This November, California voters will decide whether their state becomes the first to legalize marijuana for recreational use. In 1996, California was the first to legalize medical marijuana and since then 14 other states have jumped on board. There are many reasons to oppose legalization at the state level. Here are the reasons for it:

  • So Many Benefits to Society, writes Nick Gillespie in a New York Times op-ed. "As the history of alcohol prohibition underscores, there are also many non-economic reasons to favor legalization of vices: Prohibition rarely achieves its desired goals and instead increases violence (when was the last time a tobacco kingpin was killed in a deal gone wrong?) and destructive behavior (it’s hard enough to get help if you’re a substance abuser and that much harder if you’re a criminal too). And by policing vice, law enforcement is too often distracted at best or corrupted at worst, as familiar headlines about cops pocketing bribes and seized drugs attest." Also, pot will get cheaper.
  • States Need the Money, writes Lew Rockwell. He thinks all trends point to legalization: "Once the grim reality of tax revenues sinks in, the states will get a lot more desperate than they already are. The property tax revenues still reflect pre-crash valuations. New post-crash property values will start to slash property tax revenues in a couple of years, and then we’ll see a lot more enthusiasm for the Pot Tax."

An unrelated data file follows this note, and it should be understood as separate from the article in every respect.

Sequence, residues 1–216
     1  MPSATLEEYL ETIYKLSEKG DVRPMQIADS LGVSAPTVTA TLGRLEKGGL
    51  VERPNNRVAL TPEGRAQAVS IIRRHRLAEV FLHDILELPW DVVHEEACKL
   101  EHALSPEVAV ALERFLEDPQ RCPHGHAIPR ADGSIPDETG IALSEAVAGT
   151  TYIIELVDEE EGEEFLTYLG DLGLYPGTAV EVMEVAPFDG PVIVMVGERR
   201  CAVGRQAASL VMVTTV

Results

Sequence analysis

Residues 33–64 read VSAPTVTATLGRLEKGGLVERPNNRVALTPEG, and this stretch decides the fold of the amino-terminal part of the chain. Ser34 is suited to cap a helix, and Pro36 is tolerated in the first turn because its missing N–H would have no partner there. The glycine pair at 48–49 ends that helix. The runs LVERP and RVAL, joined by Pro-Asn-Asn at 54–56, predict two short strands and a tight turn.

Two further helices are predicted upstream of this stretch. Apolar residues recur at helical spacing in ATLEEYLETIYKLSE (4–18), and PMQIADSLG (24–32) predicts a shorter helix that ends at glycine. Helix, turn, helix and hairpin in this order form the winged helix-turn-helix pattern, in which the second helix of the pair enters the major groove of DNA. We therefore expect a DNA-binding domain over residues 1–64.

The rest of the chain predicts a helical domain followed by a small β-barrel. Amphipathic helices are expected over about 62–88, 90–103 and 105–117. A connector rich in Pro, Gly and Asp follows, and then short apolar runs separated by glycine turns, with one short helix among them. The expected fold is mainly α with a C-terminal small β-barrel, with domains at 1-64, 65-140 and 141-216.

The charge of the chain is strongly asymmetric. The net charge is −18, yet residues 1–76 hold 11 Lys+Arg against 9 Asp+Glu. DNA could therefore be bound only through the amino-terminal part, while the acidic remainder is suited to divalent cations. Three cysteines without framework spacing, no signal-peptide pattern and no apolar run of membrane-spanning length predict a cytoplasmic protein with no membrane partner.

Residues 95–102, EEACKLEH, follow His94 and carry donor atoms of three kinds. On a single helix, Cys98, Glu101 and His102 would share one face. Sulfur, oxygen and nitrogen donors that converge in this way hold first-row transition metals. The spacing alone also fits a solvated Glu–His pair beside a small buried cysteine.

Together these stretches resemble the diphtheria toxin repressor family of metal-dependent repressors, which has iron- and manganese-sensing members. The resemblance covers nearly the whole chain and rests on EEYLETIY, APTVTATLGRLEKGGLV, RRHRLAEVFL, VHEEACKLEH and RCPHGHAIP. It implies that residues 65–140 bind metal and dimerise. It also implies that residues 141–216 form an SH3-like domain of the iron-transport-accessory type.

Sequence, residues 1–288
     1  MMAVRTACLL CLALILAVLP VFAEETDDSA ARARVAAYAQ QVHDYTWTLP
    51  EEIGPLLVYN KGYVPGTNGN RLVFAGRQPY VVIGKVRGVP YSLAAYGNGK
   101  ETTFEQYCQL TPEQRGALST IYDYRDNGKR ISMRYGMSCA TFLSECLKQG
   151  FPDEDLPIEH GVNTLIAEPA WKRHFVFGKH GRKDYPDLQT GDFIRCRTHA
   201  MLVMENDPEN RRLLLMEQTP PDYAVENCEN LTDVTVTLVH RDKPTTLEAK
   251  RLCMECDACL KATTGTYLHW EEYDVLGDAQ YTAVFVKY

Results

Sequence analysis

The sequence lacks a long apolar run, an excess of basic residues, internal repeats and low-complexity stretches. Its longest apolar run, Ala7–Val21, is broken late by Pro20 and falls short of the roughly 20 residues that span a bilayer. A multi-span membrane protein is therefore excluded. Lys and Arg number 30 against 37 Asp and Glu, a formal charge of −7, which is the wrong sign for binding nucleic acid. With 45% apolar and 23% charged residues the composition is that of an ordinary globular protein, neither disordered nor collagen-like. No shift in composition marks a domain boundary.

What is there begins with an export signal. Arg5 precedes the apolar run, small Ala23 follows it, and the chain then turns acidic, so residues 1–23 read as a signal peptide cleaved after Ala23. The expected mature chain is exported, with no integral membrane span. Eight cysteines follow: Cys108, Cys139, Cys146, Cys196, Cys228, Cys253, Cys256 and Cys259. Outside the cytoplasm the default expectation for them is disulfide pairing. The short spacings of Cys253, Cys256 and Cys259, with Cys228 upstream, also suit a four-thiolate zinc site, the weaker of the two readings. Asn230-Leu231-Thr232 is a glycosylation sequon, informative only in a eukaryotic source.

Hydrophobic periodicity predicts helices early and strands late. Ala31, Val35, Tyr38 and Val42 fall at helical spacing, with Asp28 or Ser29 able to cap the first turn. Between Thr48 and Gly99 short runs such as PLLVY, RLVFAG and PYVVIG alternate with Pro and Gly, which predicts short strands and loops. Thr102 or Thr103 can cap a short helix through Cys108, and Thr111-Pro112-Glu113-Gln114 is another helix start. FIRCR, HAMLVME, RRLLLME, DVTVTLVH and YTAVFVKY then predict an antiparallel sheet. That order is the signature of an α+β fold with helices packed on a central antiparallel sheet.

• It's Good for Both Left and Right, writes About.com's Economics Blog: "Liberals would get legalized marijuana, conservatives would see less pressure on having taxes rise."
  • It's a Huge Crime Reducer, writes Joe Messerli at Balanced Politics: "Perhaps the biggest opponents of legalizing drugs are the drug dealers themselves. They make their enormous sums of money because of the absence of competition and the monstrous street prices that come from the increased risk. Legalization would lower prices and open competition; thus, drug cartels (that might include terrorists) would lose all or some of their business."
  • Mega Corporations Won't Enter the Market, writes Kevin Drum at Mother Jones. He addresses the threat of having Philip Morris enter the pot business and employ mass advertising campagins: "So what would stop the multinational marketing juggernauts from doing exactly that? For starters, the federal government, which still classifies marijuana as a Schedule 1 drug—as it's required to do by international treaty. That means it's flatly prohibited, and even if the feds decided not to bother prosecuting small-time growers they'd almost certainly go after a Fortune 500 corporation that got into the business. Along with the PR damage of being part of the pot industry, this would almost certainly be enough to keep the Philip Morrises of the world at bay."